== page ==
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AJML Accountants Update – December 2018

Income derived from an app is assessable income – Part 2

Unless an app developer derives their income from an activity that is a hobby (refer below), income derived in respect of an app that has been developed by a taxpayer, or which the taxpayer has paid to have developed, will generally be ordinary or statutory income and must be included in the taxpayer’s assessable income. The difficulty in this regard is determining the nature of the income and how much to include in assessable income. This comes down to the agreements made between the relevant parties.

As noted, the tax implications vary depending on how the developer chooses to exploit the app, for instance it may be that the income received is a royalty under S.15-20 (under the ordinary meaning of that term), or ordinary income under S.6-5 (e.g., business profits) and/or the income may form part of the termination value for the balancing adjustment event that arises where the developer grants or assigns an interest in the copyright under Division 40. Refer below.

It seems that, where an app developer uses a third party platform to distribute (‘sell’) their app, there will be a contract between the developer and the end-user (called an ‘end-user license agreements’ or ‘EULA’) and an agreement between the developer and the third party platform (e.g., Apple). The EULA generally grants the user the right to use the app.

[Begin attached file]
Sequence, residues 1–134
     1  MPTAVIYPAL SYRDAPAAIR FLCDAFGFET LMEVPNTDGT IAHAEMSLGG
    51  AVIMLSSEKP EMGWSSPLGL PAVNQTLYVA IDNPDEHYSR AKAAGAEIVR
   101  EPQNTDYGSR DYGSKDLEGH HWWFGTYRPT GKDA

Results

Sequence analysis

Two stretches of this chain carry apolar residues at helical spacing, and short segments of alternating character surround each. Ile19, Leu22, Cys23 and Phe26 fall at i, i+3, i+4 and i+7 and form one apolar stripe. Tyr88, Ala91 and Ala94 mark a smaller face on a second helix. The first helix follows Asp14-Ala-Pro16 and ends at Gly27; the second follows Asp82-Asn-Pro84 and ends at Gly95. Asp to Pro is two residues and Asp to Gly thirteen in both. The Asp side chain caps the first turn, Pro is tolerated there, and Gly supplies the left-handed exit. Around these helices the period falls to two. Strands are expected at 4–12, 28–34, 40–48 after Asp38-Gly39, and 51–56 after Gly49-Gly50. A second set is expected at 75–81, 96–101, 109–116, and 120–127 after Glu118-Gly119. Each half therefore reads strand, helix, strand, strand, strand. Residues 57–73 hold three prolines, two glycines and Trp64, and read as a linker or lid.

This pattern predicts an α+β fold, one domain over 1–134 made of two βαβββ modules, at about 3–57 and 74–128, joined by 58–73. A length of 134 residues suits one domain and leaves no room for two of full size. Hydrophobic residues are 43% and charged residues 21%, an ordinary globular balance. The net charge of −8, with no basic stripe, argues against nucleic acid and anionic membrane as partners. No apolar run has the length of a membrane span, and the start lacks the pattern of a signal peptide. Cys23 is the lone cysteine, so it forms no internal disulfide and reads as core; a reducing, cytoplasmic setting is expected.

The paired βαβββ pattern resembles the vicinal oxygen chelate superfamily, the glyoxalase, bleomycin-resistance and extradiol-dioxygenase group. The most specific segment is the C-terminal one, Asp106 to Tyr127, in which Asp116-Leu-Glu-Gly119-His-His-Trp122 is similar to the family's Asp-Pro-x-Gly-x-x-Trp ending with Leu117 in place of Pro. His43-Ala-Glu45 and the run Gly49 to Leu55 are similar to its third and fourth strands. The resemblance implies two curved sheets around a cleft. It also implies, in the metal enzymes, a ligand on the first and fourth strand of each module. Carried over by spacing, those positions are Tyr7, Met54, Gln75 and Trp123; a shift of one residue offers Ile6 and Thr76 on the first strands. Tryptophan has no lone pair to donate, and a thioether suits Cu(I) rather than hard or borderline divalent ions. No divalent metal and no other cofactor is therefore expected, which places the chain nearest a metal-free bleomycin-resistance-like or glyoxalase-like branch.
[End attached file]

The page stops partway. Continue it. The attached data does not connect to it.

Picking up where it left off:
In these circumstances, and subject to the terms of the contract, the third party platform generally collects full payment from the end-user (e.g., income from downloads) and for advertising and in-app purchases. The payment is then forwarded to the developer minus a set, and agreed distribution fee. Despite a developer receiving the net amount, it may be that the developer is entitled to the gross income (and this is the amount included in assessable income under S.6-5), although the distribution fee would generally be a deductible amount.

Another way in which a developer may exploit an app they have developed is to grant or assign a licence in the copyright to another party for them to exploit/distribute for payment (e.g., this may be a lump-sum payment, on-going payment. Unfortunately, this scenario, although common, comes with complex taxation implications.

In these circumstances, the payment(s) for the use of the copyright (lump sum or periodic) may constitute royalties or ordinary income. However, in these circumstances, it is important to also be aware of a specific provision, S.40-115(3) that applies where a taxpayer grants or assigns an interest in an item of intellectual property (e.g., copyright). Under this provision, the item of intellectual property is treated as having been split in two; into an interest that has been granted or assigned and an interest that the taxpayer retains. The interest that has been granted or assigned is then treated as if it were no longer held which triggers a balancing adjustment (which, depending on the facts, could give rise to a ‘balancing’ deduction or assessable amount).

This provision is full of complexities. It requires that the cost of the intellectual property be apportioned on a reasonable basis to determine adjustable value (generally based on the market value of the split interests) and for ‘termination value’ to be determined. In this regard, there are special rules, which may prevent amounts already included in assessable income under S.6-5 from also being included in termination value.